It has one house on it with utilities on the back end of the property the rest is flat land but its in the city limits so I could get utilities easily put in.

How do you run a Feasibility Study?

Could you send me an example of a feasibility study and of a contract with those exertions/extensions

BiggerPockets logo
Find, Vet and Invest in Syndications
|
BiggerPockets
PassivePockets will help you find sponsors, evaluate deals, and learn how to invest with confidence.

User Stats

712
Posts
581
Votes
Logan M.
Pro Member
  • Investor
  • Provo, UT
581
Votes |
712
Posts
Logan M.
Pro Member
  • Investor
  • Provo, UT
Replied Jan 29 2024, 08:06
Quote from @Stuart Edwards:

It has one house on it with utilities on the back end of the property the rest is flat land but its in the city limits so I could get utilities easily put in.

How do you run a Feasibility Study?

Could you send me an example of a feasibility study and of a contract with those exertions/extensions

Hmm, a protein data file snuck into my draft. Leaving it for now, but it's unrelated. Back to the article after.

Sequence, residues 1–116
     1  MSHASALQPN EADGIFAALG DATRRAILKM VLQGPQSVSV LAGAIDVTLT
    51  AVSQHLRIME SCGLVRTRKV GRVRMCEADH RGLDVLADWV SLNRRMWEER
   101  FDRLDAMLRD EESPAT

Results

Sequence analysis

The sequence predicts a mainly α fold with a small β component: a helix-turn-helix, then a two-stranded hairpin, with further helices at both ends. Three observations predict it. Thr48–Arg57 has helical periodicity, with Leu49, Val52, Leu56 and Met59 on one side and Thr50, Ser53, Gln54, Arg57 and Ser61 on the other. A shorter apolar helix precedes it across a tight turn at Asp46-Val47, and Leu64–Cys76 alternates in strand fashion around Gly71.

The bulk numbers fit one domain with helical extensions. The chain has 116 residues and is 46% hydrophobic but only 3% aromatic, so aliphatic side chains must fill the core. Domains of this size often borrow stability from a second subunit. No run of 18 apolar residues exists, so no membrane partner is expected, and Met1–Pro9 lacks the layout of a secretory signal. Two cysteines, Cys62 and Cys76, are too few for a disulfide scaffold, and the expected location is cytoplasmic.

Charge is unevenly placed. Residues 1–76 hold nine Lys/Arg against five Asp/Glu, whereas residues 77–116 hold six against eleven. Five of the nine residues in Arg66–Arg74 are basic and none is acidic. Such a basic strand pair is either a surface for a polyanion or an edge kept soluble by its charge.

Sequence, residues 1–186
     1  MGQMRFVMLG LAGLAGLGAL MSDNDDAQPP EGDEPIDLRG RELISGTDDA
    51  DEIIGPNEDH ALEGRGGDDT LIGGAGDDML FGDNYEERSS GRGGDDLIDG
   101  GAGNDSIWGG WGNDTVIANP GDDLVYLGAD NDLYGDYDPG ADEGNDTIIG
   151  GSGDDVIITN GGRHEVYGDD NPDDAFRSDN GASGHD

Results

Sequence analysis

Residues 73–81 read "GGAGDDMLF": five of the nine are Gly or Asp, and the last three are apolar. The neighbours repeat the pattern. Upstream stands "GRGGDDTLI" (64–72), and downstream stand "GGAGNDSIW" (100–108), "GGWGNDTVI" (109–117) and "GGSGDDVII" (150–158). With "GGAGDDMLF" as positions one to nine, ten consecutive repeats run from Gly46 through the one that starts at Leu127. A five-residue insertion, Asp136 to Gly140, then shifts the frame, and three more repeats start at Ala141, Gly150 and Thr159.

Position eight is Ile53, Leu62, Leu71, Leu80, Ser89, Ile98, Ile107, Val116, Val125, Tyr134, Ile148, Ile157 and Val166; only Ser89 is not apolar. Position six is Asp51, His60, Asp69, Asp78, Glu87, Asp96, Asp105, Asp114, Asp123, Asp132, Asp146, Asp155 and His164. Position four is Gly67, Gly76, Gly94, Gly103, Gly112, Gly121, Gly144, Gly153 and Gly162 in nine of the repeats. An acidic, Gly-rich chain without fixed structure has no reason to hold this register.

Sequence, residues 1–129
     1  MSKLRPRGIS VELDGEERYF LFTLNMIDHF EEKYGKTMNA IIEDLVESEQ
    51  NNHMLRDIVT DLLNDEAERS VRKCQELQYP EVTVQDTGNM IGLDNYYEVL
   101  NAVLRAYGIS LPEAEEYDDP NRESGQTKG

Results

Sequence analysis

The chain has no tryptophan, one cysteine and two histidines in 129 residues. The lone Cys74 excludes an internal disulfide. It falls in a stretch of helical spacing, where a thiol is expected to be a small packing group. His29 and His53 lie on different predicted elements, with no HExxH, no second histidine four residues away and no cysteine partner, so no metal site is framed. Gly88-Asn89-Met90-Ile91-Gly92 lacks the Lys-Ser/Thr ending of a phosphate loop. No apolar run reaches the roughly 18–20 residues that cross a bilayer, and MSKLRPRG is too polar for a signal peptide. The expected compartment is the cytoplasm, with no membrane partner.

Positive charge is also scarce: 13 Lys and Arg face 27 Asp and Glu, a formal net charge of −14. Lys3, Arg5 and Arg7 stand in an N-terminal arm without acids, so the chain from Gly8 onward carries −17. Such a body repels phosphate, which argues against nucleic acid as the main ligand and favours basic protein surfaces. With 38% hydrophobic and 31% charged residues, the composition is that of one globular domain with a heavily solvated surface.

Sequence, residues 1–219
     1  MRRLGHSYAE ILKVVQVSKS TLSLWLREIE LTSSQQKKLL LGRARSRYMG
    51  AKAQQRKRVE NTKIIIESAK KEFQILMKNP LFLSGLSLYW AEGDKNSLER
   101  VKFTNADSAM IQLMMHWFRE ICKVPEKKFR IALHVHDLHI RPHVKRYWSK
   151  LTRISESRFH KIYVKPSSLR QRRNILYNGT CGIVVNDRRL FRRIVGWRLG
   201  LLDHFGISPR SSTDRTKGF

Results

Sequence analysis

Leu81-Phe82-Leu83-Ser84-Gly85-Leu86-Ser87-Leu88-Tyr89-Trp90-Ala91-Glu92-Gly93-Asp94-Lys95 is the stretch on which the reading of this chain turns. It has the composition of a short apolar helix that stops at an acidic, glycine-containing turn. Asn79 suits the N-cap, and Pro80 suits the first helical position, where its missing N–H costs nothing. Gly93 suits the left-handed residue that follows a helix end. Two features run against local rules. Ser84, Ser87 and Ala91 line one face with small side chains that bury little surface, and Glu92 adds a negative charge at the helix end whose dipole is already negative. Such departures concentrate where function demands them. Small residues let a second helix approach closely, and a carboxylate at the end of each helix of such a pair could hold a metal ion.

I will DM you

User Stats

22
Posts
1
Votes
Stuart Edwards
  • Investor
  • Lubbock, TX
1
Votes |
22
Posts
Stuart Edwards
  • Investor
  • Lubbock, TX
Replied Jan 29 2024, 08:07

Thank you so much

User Stats

9,861
Posts
5,510
Votes
Eliott Elias#3 BRRRR - Buy, Rehab, Rent, Refinance, Repeat Contributor
  • Investor
  • Austin, TX
5,510
Votes |
9,861
Posts
Eliott Elias#3 BRRRR - Buy, Rehab, Rent, Refinance, Repeat Contributor
  • Investor
  • Austin, TX
Replied Jan 29 2024, 08:38

You are going to want to have many conversations with the city zoning and planning departments. They should be able to tell you exactly what the restrictions are with the property. In terms of the contract, I would get a investor friend or realtor to help you.

User Stats

1,173
Posts
650
Votes
Jay Thomas
Pro Member
  • Real Estate Agent
650
Votes |
1,173
Posts
Jay Thomas
Pro Member
  • Real Estate Agent
Replied Jan 29 2024, 09:04